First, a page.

Role of Balloon Guide Catheter in Modern Endovascular Thrombectomy
UMass Chan AffiliationsDepartment of Radiology, New England Center for Stroke Research
Document TypeJournal Article
Analytical, Diagnostic and Therapeutic Techniques and Equipment
Nervous System Diseases
MetadataShow full item record
AbstractProximal flow control achieved with a balloon guide catheter (BGC) during endovascular treatment of acute ischemic stroke is reviewed in this article. In clinical practice, BGCs offer a multi-faceted approach for clot retrieval by creating proximal flow arrest, reducing embolic burden, and shortening procedure time. Evaluation of frontline thrombectomy procedures with BGCs revealed advantages of combined use over the conventional guide catheter (CGC), notably in the significant reduction of distal emboli to both the affected and previously unaffected territories. Recently, new measures of early and complete reperfusion at first thrombectomy pass have been identified as independent predictors of improved outcomes, which were consistently demonstrated with use of BGC as a safe and effective option to minimize number of passes during intervention. Prior randomized controlled trials reported the positive correlation between BGC-treated patients and a lower risk of mortality as well as shortened procedure time. While BGC use is more common in stent retriever-mediated mechanical thrombectomy, preliminary data has shown the potential benefit of device application during contact aspiration thrombectomy to achieve successful recanalization. However, the question of which major endovascular strategy reigns superior as a frontline remains to be answered. Along with clinical case assessments, BGC performance during in-vitro simulation was analyzed to further understand mechanisms for optimization of thrombectomy technique.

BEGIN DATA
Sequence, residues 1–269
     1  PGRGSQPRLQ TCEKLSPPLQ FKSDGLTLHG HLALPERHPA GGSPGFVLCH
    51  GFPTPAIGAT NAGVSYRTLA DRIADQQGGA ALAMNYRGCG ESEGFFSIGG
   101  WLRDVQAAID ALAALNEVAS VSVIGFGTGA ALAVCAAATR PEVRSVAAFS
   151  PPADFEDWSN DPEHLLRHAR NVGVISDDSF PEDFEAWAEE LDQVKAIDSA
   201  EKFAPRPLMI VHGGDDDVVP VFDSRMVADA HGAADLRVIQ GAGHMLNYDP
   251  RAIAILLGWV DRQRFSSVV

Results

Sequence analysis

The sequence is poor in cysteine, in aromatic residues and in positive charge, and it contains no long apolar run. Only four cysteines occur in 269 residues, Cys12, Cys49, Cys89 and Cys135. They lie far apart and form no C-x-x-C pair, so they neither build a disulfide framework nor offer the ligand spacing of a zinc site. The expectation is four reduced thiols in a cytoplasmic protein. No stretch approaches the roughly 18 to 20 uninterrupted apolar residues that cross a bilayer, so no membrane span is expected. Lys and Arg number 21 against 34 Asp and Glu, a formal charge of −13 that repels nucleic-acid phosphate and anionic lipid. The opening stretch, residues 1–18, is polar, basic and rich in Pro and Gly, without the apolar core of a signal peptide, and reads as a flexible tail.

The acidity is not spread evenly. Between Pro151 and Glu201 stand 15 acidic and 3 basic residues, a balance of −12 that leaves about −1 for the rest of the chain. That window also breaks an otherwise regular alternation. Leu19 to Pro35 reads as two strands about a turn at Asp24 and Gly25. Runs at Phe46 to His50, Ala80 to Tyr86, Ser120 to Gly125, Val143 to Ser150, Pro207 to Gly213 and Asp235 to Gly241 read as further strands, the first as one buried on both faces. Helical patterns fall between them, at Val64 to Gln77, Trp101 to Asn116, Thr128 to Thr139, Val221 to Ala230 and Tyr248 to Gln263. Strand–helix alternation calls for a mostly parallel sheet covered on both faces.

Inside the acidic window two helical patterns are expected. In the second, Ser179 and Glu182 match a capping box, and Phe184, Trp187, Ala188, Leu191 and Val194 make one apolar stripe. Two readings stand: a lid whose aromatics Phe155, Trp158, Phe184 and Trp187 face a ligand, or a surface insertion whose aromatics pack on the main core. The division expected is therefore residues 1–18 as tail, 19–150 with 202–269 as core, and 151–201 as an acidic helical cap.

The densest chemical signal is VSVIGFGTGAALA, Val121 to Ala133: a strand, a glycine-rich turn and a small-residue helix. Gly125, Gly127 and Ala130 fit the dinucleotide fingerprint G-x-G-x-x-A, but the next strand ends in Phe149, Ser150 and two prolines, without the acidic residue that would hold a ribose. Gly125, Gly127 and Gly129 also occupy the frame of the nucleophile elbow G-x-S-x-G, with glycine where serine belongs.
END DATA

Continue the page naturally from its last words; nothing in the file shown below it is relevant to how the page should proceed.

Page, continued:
J Korean Neurosurg Soc. 2019 Oct 8. doi: 10.3340/jkns.2019.0114. [Epub ahead of print] Link to article on publisher's site
Permanent Link to this Itemhttp://hdl.handle.net/20.500.14038/41233
RightsCopyright © 2019 The Korean Neurosurgical Society. This is an Open Access article distributed under the terms of the Creative Commons Attribution Non-Commercial License (http://creativecommons.org/licenses/by-nc/4.0) which permits unrestricted non-commercial use, distribution, and reproduction in any medium, provided the original work is properly cited.
Except where otherwise noted, this item's license is described as Copyright © 2019 The Korean Neurosurgical Society. This is an Open Access article distributed under the terms of the Creative Commons Attribution Non-Commercial License (http://creativecommons.org/licenses/by-nc/4.0) which permits unrestricted non-commercial use, distribution, and reproduction in any medium, provided the original work is properly cited.